Definition: The term generally refers to those who are alert to injustices in society. It has also taken on a negative connotation in some circles where it has come to describe an overly sensitive individual who overreacts to perceived injustices.
Origin: Many give credit to soul singer Erykah Badu, who on the 2008 song “Master Teacher” used a line in the refrain: “I stay woke,” referring to a general awareness of things. Interestingly, Badu later claimed people were employing “wokeness” against her after she expressed some empathy for certain controversial figures.
Why Now? With ongoing street protests over the wrongful killings of George Floyd and other African-Americans in 2020, the call to become more aware of the plight of black Americans, in particular, has brought about a push to make changes to established white hierarchies and beliefs. On the other side, many claim the push is an overreaction. A fair point in some cases, but that side was never really “woke” now, was it?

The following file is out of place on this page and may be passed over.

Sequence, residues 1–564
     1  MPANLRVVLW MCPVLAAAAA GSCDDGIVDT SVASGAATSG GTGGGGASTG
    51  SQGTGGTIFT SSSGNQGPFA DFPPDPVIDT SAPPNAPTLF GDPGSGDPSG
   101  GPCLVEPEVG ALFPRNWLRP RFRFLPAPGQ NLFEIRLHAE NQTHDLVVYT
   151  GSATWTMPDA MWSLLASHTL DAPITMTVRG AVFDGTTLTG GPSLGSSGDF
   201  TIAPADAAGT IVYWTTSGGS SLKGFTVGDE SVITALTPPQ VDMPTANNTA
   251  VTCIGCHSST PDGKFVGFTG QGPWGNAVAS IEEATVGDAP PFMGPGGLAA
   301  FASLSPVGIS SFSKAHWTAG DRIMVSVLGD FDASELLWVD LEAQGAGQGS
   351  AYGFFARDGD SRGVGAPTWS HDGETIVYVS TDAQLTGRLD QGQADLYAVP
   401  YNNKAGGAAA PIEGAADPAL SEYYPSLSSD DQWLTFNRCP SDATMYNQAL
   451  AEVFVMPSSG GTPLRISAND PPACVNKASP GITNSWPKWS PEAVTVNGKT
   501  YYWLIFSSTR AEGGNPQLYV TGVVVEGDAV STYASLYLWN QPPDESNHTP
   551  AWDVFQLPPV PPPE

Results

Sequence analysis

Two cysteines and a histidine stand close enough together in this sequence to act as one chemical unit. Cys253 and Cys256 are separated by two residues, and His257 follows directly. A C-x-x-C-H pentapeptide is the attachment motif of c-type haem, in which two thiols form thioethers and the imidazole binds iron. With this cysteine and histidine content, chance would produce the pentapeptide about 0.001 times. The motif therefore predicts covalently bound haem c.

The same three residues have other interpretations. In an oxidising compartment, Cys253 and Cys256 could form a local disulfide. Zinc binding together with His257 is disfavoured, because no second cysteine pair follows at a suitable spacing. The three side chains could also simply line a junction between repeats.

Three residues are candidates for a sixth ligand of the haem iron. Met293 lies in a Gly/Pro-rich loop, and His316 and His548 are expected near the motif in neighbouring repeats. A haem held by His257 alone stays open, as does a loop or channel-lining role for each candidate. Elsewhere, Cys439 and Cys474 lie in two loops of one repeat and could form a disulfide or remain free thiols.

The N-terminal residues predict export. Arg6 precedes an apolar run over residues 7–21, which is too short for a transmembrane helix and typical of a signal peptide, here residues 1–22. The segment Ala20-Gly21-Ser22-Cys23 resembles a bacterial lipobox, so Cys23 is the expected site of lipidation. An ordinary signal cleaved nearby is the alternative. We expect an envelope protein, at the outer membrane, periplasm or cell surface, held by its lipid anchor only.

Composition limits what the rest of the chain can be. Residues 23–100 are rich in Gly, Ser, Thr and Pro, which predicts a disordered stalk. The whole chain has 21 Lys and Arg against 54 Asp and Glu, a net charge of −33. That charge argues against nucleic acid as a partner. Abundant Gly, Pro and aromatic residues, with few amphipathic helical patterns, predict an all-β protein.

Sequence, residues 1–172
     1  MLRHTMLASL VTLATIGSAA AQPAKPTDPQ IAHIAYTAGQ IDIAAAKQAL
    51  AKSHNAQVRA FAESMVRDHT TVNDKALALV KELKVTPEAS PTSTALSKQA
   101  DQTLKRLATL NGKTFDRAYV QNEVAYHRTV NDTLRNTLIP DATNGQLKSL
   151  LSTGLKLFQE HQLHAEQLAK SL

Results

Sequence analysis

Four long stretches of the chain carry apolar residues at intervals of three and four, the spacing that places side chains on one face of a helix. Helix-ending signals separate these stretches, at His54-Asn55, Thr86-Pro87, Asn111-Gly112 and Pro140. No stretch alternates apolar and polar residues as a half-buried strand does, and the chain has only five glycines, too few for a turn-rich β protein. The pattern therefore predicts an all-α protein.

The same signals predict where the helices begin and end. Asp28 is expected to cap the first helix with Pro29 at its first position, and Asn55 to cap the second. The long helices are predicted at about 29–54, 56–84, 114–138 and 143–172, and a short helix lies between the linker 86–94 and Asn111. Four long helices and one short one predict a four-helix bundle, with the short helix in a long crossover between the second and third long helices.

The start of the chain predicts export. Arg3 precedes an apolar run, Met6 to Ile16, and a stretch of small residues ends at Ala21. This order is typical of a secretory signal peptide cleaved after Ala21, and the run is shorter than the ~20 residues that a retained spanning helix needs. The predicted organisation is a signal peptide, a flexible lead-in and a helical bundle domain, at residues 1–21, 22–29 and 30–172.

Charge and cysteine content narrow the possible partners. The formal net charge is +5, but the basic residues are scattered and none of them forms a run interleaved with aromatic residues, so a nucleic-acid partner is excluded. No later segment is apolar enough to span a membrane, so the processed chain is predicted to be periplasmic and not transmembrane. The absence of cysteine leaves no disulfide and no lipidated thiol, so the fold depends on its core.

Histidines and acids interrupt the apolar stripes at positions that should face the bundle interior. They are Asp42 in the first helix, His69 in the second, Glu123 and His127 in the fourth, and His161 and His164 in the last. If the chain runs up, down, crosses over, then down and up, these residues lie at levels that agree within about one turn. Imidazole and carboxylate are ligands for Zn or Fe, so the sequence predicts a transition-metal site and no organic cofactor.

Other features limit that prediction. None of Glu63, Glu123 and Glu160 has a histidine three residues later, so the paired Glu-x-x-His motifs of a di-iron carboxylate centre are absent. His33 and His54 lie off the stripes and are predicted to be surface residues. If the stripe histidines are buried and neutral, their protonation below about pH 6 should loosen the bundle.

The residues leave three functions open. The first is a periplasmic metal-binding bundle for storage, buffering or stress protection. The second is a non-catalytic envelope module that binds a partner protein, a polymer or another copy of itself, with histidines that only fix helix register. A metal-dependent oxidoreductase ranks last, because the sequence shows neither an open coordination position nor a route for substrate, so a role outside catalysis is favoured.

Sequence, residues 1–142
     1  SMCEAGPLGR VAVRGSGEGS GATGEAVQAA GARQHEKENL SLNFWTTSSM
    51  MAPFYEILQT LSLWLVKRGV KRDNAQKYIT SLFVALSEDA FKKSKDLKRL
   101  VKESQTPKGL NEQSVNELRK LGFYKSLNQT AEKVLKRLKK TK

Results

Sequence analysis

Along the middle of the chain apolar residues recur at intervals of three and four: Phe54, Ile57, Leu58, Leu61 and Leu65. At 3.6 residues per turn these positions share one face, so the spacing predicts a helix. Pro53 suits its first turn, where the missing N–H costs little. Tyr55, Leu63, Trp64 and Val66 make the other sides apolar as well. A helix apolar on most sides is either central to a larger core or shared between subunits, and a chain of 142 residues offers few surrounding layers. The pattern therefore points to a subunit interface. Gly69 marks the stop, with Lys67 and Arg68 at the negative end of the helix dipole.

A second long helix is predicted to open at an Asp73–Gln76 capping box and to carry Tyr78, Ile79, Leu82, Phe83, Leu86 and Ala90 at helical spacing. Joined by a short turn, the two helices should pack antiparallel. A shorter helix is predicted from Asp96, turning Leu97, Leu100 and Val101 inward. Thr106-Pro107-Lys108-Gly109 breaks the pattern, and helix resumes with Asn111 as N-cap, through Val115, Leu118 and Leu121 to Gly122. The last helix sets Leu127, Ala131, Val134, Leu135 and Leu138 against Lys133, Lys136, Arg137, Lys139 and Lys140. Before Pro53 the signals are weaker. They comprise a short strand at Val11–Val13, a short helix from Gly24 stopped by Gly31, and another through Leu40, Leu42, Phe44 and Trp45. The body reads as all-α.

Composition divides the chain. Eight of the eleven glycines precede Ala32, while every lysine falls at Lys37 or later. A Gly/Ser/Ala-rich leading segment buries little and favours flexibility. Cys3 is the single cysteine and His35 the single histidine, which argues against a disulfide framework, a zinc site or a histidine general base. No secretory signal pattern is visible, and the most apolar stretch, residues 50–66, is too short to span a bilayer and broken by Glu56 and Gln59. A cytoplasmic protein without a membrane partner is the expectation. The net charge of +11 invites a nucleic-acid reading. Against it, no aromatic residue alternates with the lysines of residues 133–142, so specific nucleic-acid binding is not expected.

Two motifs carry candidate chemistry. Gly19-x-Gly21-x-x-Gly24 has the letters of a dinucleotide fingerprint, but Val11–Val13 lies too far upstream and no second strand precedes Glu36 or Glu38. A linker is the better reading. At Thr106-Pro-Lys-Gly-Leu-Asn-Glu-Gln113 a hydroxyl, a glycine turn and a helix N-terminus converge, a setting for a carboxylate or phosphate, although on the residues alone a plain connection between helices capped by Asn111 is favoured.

5. Social distancing
Definition: (From the Centers for Disease Control): “Social distancing is the practice of increasing the space between individuals and decreasing the frequency of contact to reduce the risk of spreading a disease (ideally to maintain at least 6 feet between all individuals, even those who are asymptomatic).” Unlike some, we don’t mess around with CDC guidelines...